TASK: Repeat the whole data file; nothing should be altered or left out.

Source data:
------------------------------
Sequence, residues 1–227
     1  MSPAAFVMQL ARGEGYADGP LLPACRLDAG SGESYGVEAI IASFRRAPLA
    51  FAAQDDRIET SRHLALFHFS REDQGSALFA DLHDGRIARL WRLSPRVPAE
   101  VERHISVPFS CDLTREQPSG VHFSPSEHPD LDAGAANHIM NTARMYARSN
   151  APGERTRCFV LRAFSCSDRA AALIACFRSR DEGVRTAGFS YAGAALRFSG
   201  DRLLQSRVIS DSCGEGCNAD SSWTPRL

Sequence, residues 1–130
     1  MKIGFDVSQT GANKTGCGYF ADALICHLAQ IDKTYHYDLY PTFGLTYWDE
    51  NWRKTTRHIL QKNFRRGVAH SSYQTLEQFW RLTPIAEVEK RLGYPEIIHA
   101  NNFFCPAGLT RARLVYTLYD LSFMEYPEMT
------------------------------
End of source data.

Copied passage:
Sequence, residues 1–227
     1  MSPAAFVMQL ARGEGYADGP LLPACRLDAG SGESYGVEAI IASFRRAPLA
    51  FAAQDDRIET SRHLALFHFS REDQGSALFA DLHDGRIARL WRLSPRVPAE
   101  VERHISVPFS CDLTREQPSG VHFSPSEHPD LDAGAANHIM NTARMYARSN
   151  APGERTRCFV LRAFSCSDRA AALIACFRSR DEGVRTAGFS YAGAALRFSG
   201  DRLLQSRVIS DSCGEGCNAD SSWTPRL

Sequence, residues 1–130
     1  MKIGFDVSQT GANKTGCGYF ADALICHLAQ IDKTYHYDLY PTFGLTYWDE
    51  NWRKTTRHIL QKNFRRGVAH SSYQTLEQFW RLTPIAEVEK RLGYPEIIHA
   101  NNFFCPAGLT RARLVYTLYD LSFMEYPEMT